White House press secretary Jay Carney said during his daily briefing with reporters White House counsel Kathryn Ruemmler had been notified a Treasury Department inspector general's audit report was on the way but decided it "wouldn't be appropriate" to tell the president.
Carney said Chief of Staff Dennis McDonough and other top officials were told the general nature of the report but a "judgment" call was made not to tell Obama it would show the IRS had targeted conservative groups for extra tax scrutiny.
Carney said Ruemmler "made clear that it was her view, and others shared this view, that there was not a need, in a situation like this with an ongoing investigation or audit, that the president should be notified."
Carney pointed out the report found no evidence anyone outside the IRS had any involvement in the inappropriate targeting, no one at the White House "intervened in an ongoing, independent investigation or did anything that could be seen as intervening in that investigation," and the misconduct had stopped in May 2012.
"While we had an indication of the likely findings, until the IG finalizes his report, the findings and conclusions are subject to change," Carney said. "And in fact, many IG reports do change significantly before they are published.
"So to be clear, we knew the subject of the investigation and we knew the nature of some of the potential findings, but we didn't have a copy of the draft report; we did not know the details, the scope or the motivation surrounding the misconduct; and we did not know who was responsible. Most importantly, the report was not final and still very much subject to change.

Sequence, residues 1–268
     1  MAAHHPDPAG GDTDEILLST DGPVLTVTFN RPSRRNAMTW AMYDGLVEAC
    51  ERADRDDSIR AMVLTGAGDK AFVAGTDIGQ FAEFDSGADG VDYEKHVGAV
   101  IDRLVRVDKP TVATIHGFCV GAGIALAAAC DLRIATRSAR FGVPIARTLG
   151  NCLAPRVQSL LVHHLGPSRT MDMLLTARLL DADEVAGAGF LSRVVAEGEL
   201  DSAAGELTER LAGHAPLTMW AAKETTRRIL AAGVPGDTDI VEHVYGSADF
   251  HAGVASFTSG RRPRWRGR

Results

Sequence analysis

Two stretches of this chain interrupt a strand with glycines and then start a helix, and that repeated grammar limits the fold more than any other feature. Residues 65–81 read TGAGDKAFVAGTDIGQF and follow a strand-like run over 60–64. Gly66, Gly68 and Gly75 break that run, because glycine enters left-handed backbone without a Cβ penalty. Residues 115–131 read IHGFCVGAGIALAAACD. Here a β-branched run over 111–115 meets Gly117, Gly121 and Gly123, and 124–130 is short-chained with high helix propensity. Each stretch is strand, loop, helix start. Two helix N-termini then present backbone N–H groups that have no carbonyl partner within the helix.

"I just want to say that some reporting today suggests -- and this is I think worth noting -- suggests that given awareness of the potential findings, we should have done more. That could not be further from the right course of action. The cardinal rule, as I said, is that you do not intervene in an independent investigation, and you do not do anything that would be -- that would give such an appearance, particularly when the final conclusions -- as was the case here -- have not been reached. And that's the doctrine we followed.
"And the bottom line is -- and this isn't just the most important fact, it's what we have said from the beginning -- not the White House, nor Treasury intervened in the Inspector General's audit."
Asked why Obama couldn't have been informed of the coming report without interfering, Carney said "because it's a judgment, in this case the judgment of the White House counsel, that this is not a matter that you should -- or that she should convey to the president."